The depression moved westward and entered the Bay of Campeche proper several hours later. The cyclone, whose convective cloud shield measured no more than about 75 n mi across, quickly developed banding features and strengthened, becoming a tropical storm by 1200 UTC about 60 n mi northeast of Coatzacoalcos. With a favorable anticyclonic flow aloft, Marco continued to strengthen as it moved west-northwestward over the Bay of Campeche. Reconnaissance aircraft dispatched to the cyclone on the afternoon of 6 October revealed a potent but tiny circulation. The aircraft measured a peak 925-mb flight-level wind of 61 kt about 5 n mi from the center at 2021 UTC, with a peak SFMR observation of 53 kt. These data suggest that Marco reached an intensity of about 55 kt by 0000 UTC 7 October, when it was centered about 65 n mi east-northeast of Veracruz. Marco then turned west with little apparent change in strength, making landfall east of Misantla, between Tuxpan and Veracruz, at 1200 UTC that day. The tiny circulation quickly weakened after landfall and dissipated shortly after 1800 UTC.
Data from the reconnaissance flight indicated that the radial extent of tropical storm–force winds was no more than 15 n mi, and high-resolution QuikSCAT data from a few hours later (0052 UTC 7 October) suggested that the tropical storm–force wind radii at that time were no larger than 10 n mi. The National Hurricane Center began including storm size (the maximum radial extent of 64-, 50-, and 34-kt winds in each of 4 quadrants surrounding the cyclone) in its best-track database beginning in 2004. A digital record of comparable operational estimates for the Atlantic basin is available beginning in 1988. Using the largest nonzero 34-kt wind radius as a metric for size, Marco’s 10 n mi radial extent of tropical storm–force winds makes it the smallest tropical storm in this admittedly short record. Figure 8 shows the distribution of instantaneous rainfall rate based on satellite radar imagery near the time of Marco’s maximum intensity. The figure shows both the convective structure and the extremely small size of the cyclone.
The impacts in Mexico from Marco were relatively minor.
n. Tropical Storm Nana, 12–14 October
Nana originated from a tropical wave that moved across the west coast of Africa coast on 6 October. QuikSCAT data indicate that the wave was accompanied by a broad cyclonic circulation. Convection associated with the wave was initially minimal, but gradually increased over the next few days. Around 0600 UTC 12 October, the convective activity became organized enough to designate the system as a tropical depression when it was centered about 690 n mi west of the Cape Verde Islands.
The depression moved west-northwestward toward a weakness in the subtropical ridge and strengthened into a tropical storm 6 h later. Surface wind estimates from the Advanced Scatterometer (ASCAT) and QuikSCAT between 1200 UTC 12 October and 0000 UTC 13 October indicate that Nana’s peak winds were around 35 kt. During that time, Nana moved into a region of moderate-to-strong upper-level westerly winds that initiated weakening. Nana became a tropical depression at 1200 UTC 13 October, when it was centered about 870 n mi west of the Cape Verde Islands. The strong westerly wind shear continued to displace the convection well to the east of the center, and Nana degenerated into a nonconvective remnant low on 14 October. The remnant low turned northwestward ahead of a strong frontal system and dissipated around 1200 UTC 15 October about 820 n mi east-northeast of the Leeward Islands.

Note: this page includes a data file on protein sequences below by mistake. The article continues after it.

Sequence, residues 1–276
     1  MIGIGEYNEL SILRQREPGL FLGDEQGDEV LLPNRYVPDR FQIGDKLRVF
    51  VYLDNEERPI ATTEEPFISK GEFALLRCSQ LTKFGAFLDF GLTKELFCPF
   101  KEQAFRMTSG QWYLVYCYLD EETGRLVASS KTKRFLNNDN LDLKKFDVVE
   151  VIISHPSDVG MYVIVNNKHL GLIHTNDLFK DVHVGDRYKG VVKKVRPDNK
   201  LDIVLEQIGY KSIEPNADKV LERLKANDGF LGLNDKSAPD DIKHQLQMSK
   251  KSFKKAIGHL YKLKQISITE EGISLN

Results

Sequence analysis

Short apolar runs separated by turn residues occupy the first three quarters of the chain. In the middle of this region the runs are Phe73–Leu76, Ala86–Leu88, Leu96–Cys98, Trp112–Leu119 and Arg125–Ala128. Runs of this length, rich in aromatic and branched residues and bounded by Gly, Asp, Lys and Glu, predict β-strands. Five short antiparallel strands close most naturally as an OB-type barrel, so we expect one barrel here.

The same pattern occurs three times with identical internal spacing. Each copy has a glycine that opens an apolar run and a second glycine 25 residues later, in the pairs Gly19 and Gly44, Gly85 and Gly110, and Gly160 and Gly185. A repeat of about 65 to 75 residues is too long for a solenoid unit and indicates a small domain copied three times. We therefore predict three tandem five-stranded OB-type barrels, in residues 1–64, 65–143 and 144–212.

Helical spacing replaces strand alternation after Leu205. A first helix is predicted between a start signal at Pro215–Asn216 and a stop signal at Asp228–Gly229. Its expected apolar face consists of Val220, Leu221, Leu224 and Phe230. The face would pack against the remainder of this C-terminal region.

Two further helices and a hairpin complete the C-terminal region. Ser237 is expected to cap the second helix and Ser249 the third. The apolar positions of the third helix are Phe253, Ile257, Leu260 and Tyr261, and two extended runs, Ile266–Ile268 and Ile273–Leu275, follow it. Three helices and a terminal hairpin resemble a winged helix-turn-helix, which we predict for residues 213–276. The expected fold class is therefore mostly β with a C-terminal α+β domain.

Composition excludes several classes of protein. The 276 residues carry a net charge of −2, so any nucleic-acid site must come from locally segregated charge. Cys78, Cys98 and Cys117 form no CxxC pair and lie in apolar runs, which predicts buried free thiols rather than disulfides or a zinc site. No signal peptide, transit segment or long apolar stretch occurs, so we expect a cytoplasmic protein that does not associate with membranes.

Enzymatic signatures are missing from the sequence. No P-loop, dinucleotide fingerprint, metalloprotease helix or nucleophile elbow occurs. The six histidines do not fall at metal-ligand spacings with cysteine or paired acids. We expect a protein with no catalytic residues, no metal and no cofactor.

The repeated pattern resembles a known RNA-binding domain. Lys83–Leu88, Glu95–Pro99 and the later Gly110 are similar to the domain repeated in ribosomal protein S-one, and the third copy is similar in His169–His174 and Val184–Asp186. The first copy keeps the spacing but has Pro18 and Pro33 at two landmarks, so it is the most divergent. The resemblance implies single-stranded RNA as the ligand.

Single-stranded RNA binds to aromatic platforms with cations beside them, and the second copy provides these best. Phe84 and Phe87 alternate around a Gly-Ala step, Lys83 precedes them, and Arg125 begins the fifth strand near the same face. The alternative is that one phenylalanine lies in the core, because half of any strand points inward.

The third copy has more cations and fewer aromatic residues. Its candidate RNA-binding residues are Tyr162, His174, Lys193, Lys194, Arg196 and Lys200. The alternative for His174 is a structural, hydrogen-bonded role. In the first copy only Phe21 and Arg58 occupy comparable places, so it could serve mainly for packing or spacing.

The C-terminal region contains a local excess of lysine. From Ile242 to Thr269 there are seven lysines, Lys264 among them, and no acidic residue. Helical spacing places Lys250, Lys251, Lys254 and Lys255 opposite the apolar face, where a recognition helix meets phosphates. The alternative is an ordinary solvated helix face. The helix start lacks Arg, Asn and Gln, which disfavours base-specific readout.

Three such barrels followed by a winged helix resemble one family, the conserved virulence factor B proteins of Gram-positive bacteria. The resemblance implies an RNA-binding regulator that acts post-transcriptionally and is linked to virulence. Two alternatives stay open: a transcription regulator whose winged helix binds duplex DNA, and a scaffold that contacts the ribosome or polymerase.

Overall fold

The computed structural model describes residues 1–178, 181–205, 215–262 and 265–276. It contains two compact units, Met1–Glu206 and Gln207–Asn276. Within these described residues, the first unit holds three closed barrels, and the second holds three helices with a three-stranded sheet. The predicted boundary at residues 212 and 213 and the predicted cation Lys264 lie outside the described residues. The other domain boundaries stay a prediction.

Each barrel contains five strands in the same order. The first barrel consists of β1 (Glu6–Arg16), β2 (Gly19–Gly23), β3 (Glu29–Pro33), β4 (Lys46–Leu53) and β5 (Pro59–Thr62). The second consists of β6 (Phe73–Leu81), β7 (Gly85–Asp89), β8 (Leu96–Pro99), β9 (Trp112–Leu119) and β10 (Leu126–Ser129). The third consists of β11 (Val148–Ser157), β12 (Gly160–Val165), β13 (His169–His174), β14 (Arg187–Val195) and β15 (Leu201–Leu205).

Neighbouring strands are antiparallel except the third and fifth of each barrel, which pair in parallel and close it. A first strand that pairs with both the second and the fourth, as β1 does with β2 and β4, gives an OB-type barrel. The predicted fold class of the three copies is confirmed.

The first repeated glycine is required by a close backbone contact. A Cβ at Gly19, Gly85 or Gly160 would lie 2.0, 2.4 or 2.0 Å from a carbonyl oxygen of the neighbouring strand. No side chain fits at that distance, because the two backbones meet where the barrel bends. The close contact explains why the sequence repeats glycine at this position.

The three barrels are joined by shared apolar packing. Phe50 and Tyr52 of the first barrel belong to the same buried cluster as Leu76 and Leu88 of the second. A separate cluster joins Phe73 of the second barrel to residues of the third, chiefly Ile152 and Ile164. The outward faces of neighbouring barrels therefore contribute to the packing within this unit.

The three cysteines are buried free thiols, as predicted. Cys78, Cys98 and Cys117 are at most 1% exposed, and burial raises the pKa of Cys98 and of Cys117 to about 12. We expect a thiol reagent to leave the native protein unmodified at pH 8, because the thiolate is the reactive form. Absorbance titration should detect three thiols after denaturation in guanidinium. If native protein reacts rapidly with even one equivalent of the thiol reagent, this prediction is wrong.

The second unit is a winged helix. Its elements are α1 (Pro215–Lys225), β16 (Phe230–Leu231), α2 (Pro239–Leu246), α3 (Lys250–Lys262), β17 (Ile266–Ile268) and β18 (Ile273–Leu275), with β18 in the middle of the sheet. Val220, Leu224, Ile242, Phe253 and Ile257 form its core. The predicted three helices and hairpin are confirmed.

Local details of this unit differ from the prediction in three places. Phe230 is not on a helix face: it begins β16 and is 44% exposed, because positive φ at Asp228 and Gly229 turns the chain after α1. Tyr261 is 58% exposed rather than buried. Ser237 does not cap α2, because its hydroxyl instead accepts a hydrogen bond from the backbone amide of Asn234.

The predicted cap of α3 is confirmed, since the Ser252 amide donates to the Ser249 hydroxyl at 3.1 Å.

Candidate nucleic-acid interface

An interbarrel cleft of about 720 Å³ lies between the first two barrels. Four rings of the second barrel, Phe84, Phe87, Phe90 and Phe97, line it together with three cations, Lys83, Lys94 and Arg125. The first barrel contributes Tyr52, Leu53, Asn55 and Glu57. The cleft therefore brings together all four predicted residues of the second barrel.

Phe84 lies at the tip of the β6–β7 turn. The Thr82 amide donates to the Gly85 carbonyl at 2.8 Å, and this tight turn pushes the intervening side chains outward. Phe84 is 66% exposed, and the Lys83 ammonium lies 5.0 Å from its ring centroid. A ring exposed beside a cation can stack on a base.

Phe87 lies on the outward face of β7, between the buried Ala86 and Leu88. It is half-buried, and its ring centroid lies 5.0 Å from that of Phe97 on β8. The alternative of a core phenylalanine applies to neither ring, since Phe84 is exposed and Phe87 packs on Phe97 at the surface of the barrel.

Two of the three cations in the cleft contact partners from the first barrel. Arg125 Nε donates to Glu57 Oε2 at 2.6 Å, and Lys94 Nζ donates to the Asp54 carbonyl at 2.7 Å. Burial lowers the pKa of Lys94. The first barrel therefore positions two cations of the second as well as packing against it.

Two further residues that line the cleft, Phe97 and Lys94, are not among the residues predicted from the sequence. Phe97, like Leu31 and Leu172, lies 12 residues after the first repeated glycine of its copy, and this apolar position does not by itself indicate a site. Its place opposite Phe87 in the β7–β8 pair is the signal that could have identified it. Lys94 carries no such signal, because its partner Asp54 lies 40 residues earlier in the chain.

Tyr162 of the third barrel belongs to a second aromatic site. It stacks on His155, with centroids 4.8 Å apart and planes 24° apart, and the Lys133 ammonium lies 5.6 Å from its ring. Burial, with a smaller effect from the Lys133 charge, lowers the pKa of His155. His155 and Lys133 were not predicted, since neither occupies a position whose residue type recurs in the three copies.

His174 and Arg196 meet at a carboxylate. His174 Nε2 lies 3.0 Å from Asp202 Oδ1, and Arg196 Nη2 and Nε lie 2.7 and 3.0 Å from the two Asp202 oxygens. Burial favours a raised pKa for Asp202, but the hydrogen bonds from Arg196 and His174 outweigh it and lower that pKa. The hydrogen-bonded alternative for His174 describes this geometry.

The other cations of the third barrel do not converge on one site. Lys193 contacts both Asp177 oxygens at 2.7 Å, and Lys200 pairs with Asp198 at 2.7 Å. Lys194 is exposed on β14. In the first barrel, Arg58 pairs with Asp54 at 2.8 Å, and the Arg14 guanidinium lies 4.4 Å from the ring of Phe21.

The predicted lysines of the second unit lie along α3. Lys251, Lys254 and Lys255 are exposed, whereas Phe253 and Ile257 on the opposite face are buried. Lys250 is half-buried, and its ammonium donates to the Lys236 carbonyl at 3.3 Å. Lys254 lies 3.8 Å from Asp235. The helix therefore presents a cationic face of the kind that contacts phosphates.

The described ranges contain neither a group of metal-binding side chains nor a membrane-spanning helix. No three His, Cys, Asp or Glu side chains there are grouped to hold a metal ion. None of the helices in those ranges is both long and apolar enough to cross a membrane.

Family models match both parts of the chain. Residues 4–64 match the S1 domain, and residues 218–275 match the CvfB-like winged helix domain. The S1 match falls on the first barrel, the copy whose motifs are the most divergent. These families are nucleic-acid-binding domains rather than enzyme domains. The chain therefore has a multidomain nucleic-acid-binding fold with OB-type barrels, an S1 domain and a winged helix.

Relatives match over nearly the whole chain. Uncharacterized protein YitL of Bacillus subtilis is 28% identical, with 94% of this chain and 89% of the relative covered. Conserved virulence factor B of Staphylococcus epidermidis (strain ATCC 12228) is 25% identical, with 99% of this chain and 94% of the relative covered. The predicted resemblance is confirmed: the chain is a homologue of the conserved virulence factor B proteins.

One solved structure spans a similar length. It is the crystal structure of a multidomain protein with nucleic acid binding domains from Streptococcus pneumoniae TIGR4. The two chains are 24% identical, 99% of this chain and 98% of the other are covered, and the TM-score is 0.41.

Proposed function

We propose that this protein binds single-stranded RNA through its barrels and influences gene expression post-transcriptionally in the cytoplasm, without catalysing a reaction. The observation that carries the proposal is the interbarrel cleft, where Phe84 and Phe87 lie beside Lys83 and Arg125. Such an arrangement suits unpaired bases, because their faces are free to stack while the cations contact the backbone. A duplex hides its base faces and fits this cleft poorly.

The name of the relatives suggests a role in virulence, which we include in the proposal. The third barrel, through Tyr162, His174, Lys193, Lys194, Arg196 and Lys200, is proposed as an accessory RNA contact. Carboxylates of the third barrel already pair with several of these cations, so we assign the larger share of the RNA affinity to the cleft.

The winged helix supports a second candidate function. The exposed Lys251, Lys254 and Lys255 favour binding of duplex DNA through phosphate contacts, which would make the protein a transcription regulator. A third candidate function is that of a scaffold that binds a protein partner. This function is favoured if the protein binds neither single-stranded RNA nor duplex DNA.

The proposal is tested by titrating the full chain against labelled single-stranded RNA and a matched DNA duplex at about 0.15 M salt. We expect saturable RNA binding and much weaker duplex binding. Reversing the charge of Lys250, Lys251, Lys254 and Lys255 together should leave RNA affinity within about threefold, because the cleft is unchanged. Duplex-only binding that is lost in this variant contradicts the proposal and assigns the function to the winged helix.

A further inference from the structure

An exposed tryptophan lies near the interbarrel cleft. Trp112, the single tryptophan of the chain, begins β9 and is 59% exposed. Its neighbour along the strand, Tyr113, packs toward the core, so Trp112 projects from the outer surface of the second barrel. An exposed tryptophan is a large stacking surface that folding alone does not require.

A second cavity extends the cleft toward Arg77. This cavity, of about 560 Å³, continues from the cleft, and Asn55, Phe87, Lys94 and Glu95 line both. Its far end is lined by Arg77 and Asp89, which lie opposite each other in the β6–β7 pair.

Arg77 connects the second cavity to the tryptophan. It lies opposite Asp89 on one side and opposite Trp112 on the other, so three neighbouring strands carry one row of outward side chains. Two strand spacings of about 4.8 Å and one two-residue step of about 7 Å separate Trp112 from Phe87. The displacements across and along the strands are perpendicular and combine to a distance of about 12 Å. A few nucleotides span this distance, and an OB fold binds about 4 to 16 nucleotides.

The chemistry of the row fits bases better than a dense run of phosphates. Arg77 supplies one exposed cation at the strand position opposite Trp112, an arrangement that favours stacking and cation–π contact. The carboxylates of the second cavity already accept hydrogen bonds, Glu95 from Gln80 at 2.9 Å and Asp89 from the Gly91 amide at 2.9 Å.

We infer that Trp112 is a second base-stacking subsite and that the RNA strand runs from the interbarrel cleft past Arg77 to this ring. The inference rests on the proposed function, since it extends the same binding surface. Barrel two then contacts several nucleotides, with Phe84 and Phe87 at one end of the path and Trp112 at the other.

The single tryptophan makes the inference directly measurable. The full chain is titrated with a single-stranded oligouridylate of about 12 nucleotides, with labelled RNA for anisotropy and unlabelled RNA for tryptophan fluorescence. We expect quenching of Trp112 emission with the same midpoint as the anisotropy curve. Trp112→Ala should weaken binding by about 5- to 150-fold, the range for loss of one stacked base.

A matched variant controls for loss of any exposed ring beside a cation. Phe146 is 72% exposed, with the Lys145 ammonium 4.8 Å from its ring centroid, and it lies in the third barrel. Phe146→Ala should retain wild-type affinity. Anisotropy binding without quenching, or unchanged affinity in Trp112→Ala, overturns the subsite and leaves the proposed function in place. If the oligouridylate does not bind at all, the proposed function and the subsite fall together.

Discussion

o. Hurricane Omar, 13–18 October
1) Synoptic history
Omar originated from an easterly wave that moved westward from the coast of West Africa on 30 September. The wave reached the Lesser Antilles on 9 October, and deep convection developed a couple of days later in the eastern Caribbean Sea. The convection continued to increase and became organized around the center during the next 36 h, and it is estimated that the system became a tropical depression around 0600 UTC 13 October, about 165 n mi south of the southeastern tip of the Dominican Republic. The westward movement of the depression slowed that day and the cyclone was slow to intensify after genesis, taking about 18 h to become a tropical storm, while centered about 125 n mi north-northeast of Aruba.
Omar moved slowly in a counterclockwise turn on 14 October, and this motion continued early the next day. Later on 15 October, the cyclone began moving toward the northeast under the influence of a broad, deep tropospheric trough to Omar’s northwest and a mid- to low-level ridge to its east. This trough caused Omar to accelerate northeastward over the next few days, with the storm reaching a peak forward speed of about 30 kt on 17 October.
After becoming a tropical storm, a central dense overcast developed, and the cyclone underwent an extended period of rapid intensification. Omar’s intensity increased from 35 kt at 0000 UTC 14 October to 115 kt at 0600 UTC 16 October. Omar reached hurricane intensity around 0000 UTC 15 October when it was centered about 115 n mi north of Bonaire.